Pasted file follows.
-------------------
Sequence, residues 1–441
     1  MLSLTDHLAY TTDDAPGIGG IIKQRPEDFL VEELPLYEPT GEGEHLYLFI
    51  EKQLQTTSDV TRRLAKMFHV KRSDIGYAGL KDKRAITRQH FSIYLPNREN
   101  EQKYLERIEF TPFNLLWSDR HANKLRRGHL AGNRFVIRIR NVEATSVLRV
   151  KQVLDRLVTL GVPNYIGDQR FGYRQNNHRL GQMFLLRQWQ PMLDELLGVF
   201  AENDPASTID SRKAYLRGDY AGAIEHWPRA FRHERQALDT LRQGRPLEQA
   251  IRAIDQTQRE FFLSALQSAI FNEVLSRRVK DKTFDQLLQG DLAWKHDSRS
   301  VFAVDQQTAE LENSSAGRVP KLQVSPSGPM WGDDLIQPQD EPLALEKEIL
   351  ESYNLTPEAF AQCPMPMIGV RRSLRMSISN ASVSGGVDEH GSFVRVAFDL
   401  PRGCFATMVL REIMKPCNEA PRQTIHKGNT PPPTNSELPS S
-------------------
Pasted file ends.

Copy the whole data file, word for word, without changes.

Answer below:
Sequence, residues 1–441
     1  MLSLTDHLAY TTDDAPGIGG IIKQRPEDFL VEELPLYEPT GEGEHLYLFI
    51  EKQLQTTSDV TRRLAKMFHV KRSDIGYAGL KDKRAITRQH FSIYLPNREN
   101  EQKYLERIEF TPFNLLWSDR HANKLRRGHL AGNRFVIRIR NVEATSVLRV
   151  KQVLDRLVTL GVPNYIGDQR FGYRQNNHRL GQMFLLRQWQ PMLDELLGVF
   201  AENDPASTID SRKAYLRGDY AGAIEHWPRA FRHERQALDT LRQGRPLEQA
   251  IRAIDQTQRE FFLSALQSAI FNEVLSRRVK DKTFDQLLQG DLAWKHDSRS
   301  VFAVDQQTAE LENSSAGRVP KLQVSPSGPM WGDDLIQPQD EPLALEKEIL
   351  ESYNLTPEAF AQCPMPMIGV RRSLRMSISN ASVSGGVDEH GSFVRVAFDL
   401  PRGCFATMVL REIMKPCNEA PRQTIHKGNT PPPTNSELPS S